Many causes of visual impairment can be prevented or treated. With global population aging, the need for eye health services has increased exponentially.
Recent studies unfortunately reveal that the gross global prevalence of preventable visual impairment and blindness in adults aged 50 and over has not changed between 2010 and 2019.
Results have revealed that the leading global causes of blindness in people aged 50 and over in 2020 which occupy the top places are cataract, glaucoma, uncorrected refractive error, age-related macular degeneration and diabetic retinopathy.
In addition to reducing educational and economic opportunities, blindness and visual impairment have been associated with a lower quality of life, lower longevity and greater morbidity. Identifying factors that link problems related to vision with other diseases and premature death can help prevent and improve the well-being of people with visual impairment.
With this objective in mind, the European Health Interview Survey (EHIS 2) was developed to describe the prevalence of self-reported vision problems in European countries and to identify related demographic and socioeconomic factors, health determinants and health access problems. The survey was carried out in the 28 member states of the European Union, also in Iceland and Norway, and included 311,386 participants.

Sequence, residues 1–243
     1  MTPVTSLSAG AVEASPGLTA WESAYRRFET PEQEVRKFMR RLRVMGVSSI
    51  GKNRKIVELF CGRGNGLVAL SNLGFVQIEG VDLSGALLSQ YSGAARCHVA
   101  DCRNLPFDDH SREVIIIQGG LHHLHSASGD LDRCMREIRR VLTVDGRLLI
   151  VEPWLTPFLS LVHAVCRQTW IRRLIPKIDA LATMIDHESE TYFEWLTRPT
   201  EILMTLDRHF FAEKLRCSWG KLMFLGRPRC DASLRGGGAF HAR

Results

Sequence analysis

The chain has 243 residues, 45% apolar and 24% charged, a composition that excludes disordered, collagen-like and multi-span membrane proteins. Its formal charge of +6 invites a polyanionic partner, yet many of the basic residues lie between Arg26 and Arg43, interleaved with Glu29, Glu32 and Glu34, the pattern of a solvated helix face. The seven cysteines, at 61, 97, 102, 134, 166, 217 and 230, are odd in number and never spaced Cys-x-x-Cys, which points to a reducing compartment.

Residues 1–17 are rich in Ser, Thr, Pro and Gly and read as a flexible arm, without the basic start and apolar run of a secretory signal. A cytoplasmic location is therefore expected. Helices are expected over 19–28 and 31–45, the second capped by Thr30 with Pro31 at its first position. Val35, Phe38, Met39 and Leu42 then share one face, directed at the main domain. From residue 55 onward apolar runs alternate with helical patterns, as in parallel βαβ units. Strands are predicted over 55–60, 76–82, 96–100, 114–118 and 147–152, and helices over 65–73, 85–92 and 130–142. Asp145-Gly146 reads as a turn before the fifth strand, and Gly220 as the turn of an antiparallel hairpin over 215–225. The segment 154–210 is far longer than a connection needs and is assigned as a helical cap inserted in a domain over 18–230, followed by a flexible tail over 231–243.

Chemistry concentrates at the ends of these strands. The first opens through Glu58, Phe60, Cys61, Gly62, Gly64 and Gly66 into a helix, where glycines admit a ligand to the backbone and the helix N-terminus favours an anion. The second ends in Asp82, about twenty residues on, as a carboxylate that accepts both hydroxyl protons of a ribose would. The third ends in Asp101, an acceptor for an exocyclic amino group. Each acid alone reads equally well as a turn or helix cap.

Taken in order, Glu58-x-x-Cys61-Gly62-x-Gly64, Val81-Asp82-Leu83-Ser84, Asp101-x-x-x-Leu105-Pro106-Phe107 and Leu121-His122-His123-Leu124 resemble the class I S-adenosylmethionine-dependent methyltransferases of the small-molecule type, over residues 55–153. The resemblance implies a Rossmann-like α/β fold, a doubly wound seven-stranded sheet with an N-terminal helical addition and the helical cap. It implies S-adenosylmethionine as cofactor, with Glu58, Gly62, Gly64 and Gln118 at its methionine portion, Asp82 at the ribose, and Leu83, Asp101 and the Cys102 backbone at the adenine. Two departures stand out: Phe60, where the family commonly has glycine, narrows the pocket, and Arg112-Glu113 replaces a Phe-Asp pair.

Among other factors, depression and social isolation were associated with vision problems. Also, in the older population aged 65 and over, functional daily living limitations were associated with visual impairment. Likewise, individuals who self-rated their health as “poor” reported chronic illnesses and daily smoking were also associated with an increase in problems related to vision.
On the other hand, with regards to sociodemographic factors, the study found that lower income, lower education and social isolation are associated with a higher rate of problems related to vision.
Poor vision contributes to preventing the development of children’s full potential, limiting productivity in adults and loss of autonomy in the elderly. It also leads to isolation, a feeling of insecurity and powerlessness and a degradation of self-confidence. As such, it contributes to depressive behaviour in a very marked way.
The association between smoking and problems related to vision had been previously described in other studies, and may be explained by the increased risk of developing cataracts and macular degeneration.
These results emphasise the need for a comprehensive proximity approach for the community and for an effective integrated healthcare service. Eye health must be ensured from birth and throughout life.
Article submitted by HPA Group